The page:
Greens Municipal Councillor Stelios Kolokasides, who has issued a statement
criticising the Municipality on the issue, questioned how the mayor could possible expect the public to develop an environmental sense when the Municipality was discarding the recyclables as if they were rubbish.

“This particular initiative by the Mayor does not help either in recycling or in cultivating an environmental conscience when the public sees that the various items that they conscientiously place in the appropriate bins are taken to the Kotsiatis landfill as before,” Kolokasides said.

The Mayor has defended the introduction of the bins, claiming that the European Union approved them. “The bins are manufactured in Germany under European standards, and therefore we are repeating in Nicosia what is happening in Europe.”
But Kolokasides said that Cyprus is going to get in trouble with the EU if they discover that the government is treating the contents of its recycling like mere rubbish.

A supervisor of a major Nicosia recycling company told the Sunday Mail yesterday that there is an EU Waste Directive in place that requires member states to recycle “packaged materials” (including bottles, plastic, cans, etc) and that Cyprus could face stiff fines if the EU finds that the packaged materials are being tossed into a landfill.

He also noted that it was not economically feasible “to send a car to get and pick up four kilos from each recycling station. If they were bigger then it would be more viable.”

The supervisor blamed the authorities for not consulting those who have knowledge of the work and process.

“Unfortunately, we have this problem in Cyprus, where our officials think they know everything. So they go and do things like this.”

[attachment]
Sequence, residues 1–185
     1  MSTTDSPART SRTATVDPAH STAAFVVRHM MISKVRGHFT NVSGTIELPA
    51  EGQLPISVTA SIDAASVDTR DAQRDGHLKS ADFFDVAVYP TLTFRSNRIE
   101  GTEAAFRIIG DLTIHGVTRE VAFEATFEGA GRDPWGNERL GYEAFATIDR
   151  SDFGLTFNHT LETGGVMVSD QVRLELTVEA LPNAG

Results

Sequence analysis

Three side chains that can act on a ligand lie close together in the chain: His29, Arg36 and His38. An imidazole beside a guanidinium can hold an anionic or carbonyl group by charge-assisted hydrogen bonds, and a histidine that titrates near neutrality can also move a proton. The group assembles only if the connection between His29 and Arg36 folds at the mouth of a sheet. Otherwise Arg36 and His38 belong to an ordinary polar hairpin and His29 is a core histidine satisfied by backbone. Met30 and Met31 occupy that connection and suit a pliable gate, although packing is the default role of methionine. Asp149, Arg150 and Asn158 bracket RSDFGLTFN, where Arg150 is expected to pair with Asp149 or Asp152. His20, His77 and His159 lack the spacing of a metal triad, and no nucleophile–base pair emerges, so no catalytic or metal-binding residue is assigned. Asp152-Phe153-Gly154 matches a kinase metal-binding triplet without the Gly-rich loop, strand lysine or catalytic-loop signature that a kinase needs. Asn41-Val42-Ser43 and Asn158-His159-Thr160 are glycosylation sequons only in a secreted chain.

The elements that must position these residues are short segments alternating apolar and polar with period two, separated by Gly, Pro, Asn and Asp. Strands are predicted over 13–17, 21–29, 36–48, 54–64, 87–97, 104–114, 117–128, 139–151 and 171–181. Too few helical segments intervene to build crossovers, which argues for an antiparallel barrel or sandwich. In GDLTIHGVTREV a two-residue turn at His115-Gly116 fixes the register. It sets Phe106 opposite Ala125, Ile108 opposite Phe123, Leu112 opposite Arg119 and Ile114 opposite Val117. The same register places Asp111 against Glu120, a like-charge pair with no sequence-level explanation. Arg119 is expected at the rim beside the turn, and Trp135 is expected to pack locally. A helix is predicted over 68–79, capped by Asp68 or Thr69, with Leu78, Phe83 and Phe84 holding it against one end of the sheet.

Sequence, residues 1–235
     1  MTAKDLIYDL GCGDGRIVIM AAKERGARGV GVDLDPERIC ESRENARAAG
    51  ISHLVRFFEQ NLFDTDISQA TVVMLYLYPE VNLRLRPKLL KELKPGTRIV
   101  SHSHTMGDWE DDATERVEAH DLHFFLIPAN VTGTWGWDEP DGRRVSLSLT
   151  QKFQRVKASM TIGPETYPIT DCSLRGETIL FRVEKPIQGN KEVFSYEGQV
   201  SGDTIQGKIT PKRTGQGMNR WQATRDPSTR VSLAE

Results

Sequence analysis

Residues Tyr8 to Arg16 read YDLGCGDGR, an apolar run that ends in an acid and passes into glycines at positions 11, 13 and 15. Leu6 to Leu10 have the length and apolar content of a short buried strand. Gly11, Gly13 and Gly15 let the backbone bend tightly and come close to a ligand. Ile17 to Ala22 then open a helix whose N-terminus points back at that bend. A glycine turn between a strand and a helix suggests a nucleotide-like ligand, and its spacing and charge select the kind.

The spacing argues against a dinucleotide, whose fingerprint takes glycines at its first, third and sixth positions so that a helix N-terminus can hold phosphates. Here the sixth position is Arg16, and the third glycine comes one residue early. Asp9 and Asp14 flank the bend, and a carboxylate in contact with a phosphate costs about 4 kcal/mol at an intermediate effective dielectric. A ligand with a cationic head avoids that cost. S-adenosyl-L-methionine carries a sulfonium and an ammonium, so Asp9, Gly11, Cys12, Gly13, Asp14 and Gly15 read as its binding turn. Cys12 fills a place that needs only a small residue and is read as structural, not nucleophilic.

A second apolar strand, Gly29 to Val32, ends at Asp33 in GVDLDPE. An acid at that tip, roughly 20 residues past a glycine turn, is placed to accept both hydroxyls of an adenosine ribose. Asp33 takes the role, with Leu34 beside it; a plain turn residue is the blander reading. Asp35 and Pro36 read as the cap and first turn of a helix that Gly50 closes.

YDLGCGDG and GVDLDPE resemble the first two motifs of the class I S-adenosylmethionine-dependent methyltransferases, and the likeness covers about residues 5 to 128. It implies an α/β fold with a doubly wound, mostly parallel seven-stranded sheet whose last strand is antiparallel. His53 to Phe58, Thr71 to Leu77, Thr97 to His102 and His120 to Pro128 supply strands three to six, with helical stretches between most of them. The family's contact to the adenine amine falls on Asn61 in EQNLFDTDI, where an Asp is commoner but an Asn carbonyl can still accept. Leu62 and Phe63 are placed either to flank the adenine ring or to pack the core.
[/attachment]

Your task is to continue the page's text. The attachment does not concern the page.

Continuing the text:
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Cira Center & 30th Str Station, Philadelphia, 10/06

I saw the breast cancer ribbon on the Cira center. Took a bunch of shots. I particularly liked the blurry version. look at the little rings of light.

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Sat, 07 Oct 2006

Signs/Graffiti Along Walnut & 30th Strs,Philadelphia

Click on Photo!

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Sun, 01 Oct 2006

Apply for NIH grants through grants.gov with linux

I just went throught it. Grants.Gov does not (as of October 1st, 2006) provide a way of using the pureedge viewer or the citrix server (for machintosh) with linux. However, Eric DeWeaver has the following solution which worked for me. There was  a brief glitch as he indicates on the web site but grants.gov or NIH solved it. For Upenn there is a local Windows server for this purpose which I could not get to work but Eric reported that at U Wisc, the similar idea works. So it is worth checking out.

http://www.aos.wisc.edu/~deweaver/grants.gov.howto.html